Financial Burden of Drugs Prescribed for Cancer-Associated Symptoms

Arjun Gupta, Leonce Nshuti, Udhayvir S. Grewal, Ramy Sedhom, Devon K. Check, Helen M. Parsons, Anne H. Blaes, Beth A. Virnig, Maryam B. Lustberg, Ishwaria M. Subbiah, Ryan D. Nipp, Sydney M. Dy, Stacie B. Dusetzina

Research output: Contribution to journalArticlepeer-review

9 Scopus citations

Abstract

PURPOSE: The financial toxicity of anticancer drugs is well-documented, but little is known about the costs of drugs used to manage cancer-associated symptoms.

METHODS: We reviewed relevant guidelines and compiled drugs used to manage seven cancer-associated symptoms (anorexia and cachexia, chemotherapy-induced peripheral neuropathy, constipation, diarrhea, exocrine pancreatic insufficiency, cancer-associated fatigue, and chemotherapy-induced nausea and vomiting). Using GoodRx website, we identified the retail price (cash price at retail pharmacies) and lowest price (discounted, best-case scenario of out-of-pocket costs) for patients without insurance for each drug or formulation for a typical fill. We describe lowest prices here.

RESULTS: For anorexia and cachexia, costs ranged from $5 US dollars (USD; generic olanzapine or mirtazapine tablets) to $1,156 USD (brand-name dronabinol solution) and varied widely by formulation of the same drug or dosage: for olanzapine 5 mg, $5 USD (generic tablet) to $239 USD (brand-name orally disintegrating tablet). For chemotherapy-induced peripheral neuropathy, costs of duloxetine varied from $12 USD (generic) to $529 USD (brand-name). For constipation, the cost of sennosides or polyethylene glycol was <$15 USD, whereas newer agents such as methylnaltrexone were expensive ($1,001 USD). For diarrhea, the cost of generic loperamide or diphenoxylate-atropine tablets was <$15 USD. For exocrine pancreatic insufficiency, only brand-name formulations were available, range of cost, $1,072 USD-$1,514 USD. For cancer-associated fatigue, the cost of generic dexamethasone or dexmethylphenidate was <$15 USD, whereas brand-name modafinil was more costly ($1,284 USD). For a 4-drug nausea and vomiting prophylaxis regimen, costs ranged from $181 USD to $1,430 USD.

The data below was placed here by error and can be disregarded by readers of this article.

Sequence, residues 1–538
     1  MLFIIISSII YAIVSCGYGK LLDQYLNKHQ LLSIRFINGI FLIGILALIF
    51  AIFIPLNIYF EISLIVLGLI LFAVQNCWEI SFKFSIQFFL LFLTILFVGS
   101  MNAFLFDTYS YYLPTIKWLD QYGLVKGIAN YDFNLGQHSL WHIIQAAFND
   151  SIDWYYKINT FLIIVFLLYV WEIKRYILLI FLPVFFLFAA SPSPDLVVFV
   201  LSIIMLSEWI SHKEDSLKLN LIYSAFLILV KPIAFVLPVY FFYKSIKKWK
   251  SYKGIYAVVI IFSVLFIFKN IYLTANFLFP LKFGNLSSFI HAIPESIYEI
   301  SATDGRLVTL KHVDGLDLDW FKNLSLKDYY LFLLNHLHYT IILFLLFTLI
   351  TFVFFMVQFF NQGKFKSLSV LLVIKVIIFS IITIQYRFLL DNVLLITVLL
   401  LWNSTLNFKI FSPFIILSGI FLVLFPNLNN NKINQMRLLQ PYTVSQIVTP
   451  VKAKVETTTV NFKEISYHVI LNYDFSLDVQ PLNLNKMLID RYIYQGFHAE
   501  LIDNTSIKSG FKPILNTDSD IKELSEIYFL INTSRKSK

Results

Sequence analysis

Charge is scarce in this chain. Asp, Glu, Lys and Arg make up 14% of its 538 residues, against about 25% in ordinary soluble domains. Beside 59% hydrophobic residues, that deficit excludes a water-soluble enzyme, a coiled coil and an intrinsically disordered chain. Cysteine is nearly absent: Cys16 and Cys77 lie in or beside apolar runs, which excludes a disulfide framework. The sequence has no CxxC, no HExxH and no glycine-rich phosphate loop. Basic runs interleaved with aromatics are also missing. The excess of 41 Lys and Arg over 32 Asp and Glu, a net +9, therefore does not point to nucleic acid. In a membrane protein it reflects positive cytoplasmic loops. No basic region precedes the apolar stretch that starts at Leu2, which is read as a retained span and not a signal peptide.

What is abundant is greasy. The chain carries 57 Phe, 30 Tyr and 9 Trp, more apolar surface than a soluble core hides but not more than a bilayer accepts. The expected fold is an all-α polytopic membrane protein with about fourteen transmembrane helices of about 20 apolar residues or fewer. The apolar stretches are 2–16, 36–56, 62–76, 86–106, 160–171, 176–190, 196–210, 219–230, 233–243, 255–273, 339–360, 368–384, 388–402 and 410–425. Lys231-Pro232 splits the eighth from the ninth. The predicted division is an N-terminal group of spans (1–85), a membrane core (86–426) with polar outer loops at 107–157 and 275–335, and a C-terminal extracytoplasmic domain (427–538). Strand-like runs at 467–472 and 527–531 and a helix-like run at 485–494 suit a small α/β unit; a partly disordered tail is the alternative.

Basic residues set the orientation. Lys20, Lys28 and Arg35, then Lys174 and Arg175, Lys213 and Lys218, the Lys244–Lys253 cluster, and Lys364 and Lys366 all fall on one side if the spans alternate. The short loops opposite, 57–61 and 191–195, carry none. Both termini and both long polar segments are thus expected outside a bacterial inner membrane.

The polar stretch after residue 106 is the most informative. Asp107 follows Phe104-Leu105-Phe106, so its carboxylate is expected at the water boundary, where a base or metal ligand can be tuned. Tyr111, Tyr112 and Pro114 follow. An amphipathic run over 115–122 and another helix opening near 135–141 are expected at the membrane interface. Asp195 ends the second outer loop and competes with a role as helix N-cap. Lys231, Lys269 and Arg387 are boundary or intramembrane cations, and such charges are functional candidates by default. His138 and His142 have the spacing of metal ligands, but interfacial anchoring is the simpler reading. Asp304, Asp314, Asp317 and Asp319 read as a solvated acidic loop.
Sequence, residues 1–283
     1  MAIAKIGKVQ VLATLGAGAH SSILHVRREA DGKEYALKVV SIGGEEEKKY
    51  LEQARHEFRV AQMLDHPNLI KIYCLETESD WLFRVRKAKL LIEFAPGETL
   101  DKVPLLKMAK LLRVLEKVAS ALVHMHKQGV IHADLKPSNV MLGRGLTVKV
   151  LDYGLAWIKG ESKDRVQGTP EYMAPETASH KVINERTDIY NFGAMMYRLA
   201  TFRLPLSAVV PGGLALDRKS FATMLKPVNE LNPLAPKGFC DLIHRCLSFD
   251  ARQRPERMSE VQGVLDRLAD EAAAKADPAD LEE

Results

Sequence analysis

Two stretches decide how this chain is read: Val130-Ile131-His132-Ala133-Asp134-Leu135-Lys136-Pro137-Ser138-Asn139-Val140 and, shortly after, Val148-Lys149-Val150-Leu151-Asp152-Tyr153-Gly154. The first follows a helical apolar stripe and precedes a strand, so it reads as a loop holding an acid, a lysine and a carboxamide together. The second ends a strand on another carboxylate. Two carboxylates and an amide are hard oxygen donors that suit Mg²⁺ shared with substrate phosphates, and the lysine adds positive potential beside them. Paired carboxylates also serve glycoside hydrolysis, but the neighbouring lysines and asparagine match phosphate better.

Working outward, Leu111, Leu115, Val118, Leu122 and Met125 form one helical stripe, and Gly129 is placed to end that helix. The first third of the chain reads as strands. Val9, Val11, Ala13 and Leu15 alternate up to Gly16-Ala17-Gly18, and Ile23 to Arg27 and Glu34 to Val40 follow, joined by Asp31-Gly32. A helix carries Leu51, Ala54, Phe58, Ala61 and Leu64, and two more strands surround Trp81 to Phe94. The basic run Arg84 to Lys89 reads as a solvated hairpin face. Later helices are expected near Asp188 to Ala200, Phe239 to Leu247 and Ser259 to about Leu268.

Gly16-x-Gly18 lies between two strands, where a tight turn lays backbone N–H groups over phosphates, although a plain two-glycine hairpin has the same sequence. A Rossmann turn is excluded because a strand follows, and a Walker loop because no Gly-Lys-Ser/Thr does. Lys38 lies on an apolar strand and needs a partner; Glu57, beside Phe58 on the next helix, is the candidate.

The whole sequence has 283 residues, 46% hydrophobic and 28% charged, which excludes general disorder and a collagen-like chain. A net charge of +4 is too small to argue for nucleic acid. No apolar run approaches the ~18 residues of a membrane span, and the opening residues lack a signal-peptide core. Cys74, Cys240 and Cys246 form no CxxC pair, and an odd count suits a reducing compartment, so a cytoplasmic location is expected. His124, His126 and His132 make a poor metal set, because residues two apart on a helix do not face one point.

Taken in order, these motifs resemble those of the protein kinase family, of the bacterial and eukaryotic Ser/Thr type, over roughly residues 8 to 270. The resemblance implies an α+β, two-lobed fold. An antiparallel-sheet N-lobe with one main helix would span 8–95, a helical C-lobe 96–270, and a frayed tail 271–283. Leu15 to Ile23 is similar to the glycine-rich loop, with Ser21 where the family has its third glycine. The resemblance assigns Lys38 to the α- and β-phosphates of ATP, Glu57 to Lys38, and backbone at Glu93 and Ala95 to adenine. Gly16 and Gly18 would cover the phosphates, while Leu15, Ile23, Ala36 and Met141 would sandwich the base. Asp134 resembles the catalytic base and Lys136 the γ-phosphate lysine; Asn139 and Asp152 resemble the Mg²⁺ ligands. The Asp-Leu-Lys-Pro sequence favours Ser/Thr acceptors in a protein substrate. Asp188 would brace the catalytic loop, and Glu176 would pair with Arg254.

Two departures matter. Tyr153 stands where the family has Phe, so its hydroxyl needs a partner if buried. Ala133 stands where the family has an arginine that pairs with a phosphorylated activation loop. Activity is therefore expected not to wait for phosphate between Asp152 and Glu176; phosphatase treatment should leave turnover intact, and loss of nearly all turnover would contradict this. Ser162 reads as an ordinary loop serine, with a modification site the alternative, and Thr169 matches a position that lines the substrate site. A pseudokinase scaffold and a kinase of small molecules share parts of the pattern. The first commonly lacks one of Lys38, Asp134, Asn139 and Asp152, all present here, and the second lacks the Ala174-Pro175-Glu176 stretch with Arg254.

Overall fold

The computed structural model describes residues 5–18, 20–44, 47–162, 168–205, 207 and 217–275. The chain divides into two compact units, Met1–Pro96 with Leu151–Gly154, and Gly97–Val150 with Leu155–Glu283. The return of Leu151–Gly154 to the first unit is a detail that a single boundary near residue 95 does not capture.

CONCLUSION: We highlight the high costs of many symptom control drugs and the wide variation in the costs of these drugs. These findings can guide patient-clinician discussions about cost-effectively managing symptoms, while promoting the use of less expensive formulations when possible.

Original languageEnglish (US)
Pages (from-to)140-147
Number of pages8
JournalJCO Oncology Practice
Volume18
Issue number2
DOIs
StatePublished - Feb 1 2022

Bibliographical note

Funding Information:
A.G. and R.S. were supported by individual Conquer Cancer/the ASCO Foundation Young Investigator Awards. H.M.P. reports support from NIH P30 CA77598 Masonic Cancer Center and the Leukemia and Lymphoma society for unrelated work.

Publisher Copyright:
© 2021 by American Society of Clinical Oncology.

Keywords

  • Antineoplastic Agents/economics
  • Drug Costs
  • Drugs, Generic/economics
  • Financial Stress
  • Humans
  • Neoplasms/drug therapy
  • Pharmacies

PubMed: MeSH publication types

  • Review
  • Research Support, Non-U.S. Gov't
  • Journal Article
  • Research Support, N.I.H., Extramural

Fingerprint

Dive into the research topics of 'Financial Burden of Drugs Prescribed for Cancer-Associated Symptoms'. Together they form a unique fingerprint.

Cite this